Home sales across the GTA hit their highest level for July since 2009, with a year-over-year increase of 16 per cent, according to the figures released by Greater Toronto Area REALTORS®. The overall number of residential transactions recorded through the Multiple Listing Service in Toronto in July was 8,544, which is just 517 sales lower than the number of sales reported in June, when the spring buying season hit its peak.
If we compare the numbers to last summer’s weakening market, we can see an increasing trend. New listings as well as active listings at the end of the month also went up, though at a slower pace than sales. Even though average borrowing costs increased, Toronto Real Estate Board president Dianne Usher noted that homeownership options in the GTA are still considered affordable by homebuyers. She added,
We are a year removed from the onset of stricter mortgage lending guidelines and many households who put their decision to purchase a home on hold have reactivated their search. An increasing number of these households are getting deals done.
Another contributing factor to the sudden surge in sales was the cold, wet weather that discouraged buyers in spring. The spring demand might be extending into the summer and maybe even into this fall.
Prices Surge as Well
The average selling price rose by 8 per cent this July, reaching $513,246. The major driver of the GTA prices continued to be the low-rise market segment, where conditions remain very tight.
The condo segment recorded growth in both transactions as well as prices. Sales went up by 10.5 per cent across the GTA year-over-year, with a healthy increase in the 905 and 416 regions. The average prices of condos increased by 3.4 per cent on a year-over-year basis, reaching $338,854.
The MLS® Home Price Index (HPI) also experienced an increase on a year-over-year basis for all major home types. TREB forecast growing prices in the remainder of 2013 as well as in 2014. Jason Mercer, TREB’s senior manager of market analysis, suggested,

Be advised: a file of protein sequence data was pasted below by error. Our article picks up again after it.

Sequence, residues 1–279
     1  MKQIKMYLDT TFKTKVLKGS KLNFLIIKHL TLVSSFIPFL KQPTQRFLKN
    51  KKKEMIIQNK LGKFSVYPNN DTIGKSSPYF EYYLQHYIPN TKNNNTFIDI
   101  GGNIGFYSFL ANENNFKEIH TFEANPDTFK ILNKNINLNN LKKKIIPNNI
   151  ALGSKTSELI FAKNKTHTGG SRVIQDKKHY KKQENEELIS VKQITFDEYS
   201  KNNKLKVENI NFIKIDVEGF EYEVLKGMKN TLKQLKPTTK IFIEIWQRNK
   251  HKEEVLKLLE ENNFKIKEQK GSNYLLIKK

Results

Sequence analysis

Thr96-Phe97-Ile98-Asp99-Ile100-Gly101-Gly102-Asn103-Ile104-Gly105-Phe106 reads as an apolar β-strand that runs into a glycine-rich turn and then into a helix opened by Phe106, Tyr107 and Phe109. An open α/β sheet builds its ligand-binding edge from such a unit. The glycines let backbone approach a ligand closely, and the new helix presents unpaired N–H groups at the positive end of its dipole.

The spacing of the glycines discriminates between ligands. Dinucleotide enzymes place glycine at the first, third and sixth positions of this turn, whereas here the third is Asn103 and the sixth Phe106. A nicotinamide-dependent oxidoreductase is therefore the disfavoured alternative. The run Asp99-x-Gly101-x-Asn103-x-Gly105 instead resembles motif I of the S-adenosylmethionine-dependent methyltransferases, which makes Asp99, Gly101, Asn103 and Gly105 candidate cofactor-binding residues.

Months of inventory for low-rise homes remains near record lows, suggesting that sellers’ market conditions will remain in place in the second half of 2013. An increase in listings in 2014 would lead to more balanced market conditions and a slower pace of price growth next year, albeit still above the rate of inflation.
These figures indicate that first-time buyers have adjusted to the stricter mortgage lending rules. They had enough time to save up for bigger down payments and seem to be confident with the condo market holding up much better than expected.
Oversupply of Luxury Condos
On the other hand, many experts still warn that the number of luxurious condos for sale in Toronto is a threat. In the first half of 2013, there were 145 condos listed on the MLS for $1 million or more, and only 42 of those high-end units actually sold — which is an average of seven per month — according to a Toronto Realtor Andrew la Fleur. That means that it would take about 20 months to sell them, which is more than four times what it would take to sell the current inventory of more conventional condos. La Fleur pointed out that it could take at least three years and maybe as much as a decade before investors in that sector start to see profit.
However, these numbers don’t include the "shadow inventory," including units that have yet to sell in five-star projects such as the Trump International Hotel & Tower, Ritz-Carlton, Shangri-La, and Four Seasons. The number of these units could be even higher than those listed for sale on the MLS. Shaun Hildebrand, senior vice president of condo research firm Urbanation, remarked,
When you look at the numbers and relate them to the rest of the market, it would suggest that there is a glut, a drastic oversupply. But this is a very niche segment of the market. It really needs to be looked at in isolation.
It’s hard to say how the oversupply of luxury condos will affect housing market conditions in Toronto, as the segment is relatively young. On the other hand, the condo sector as a whole is experiencing a firming-up of prices even though the supply remains high.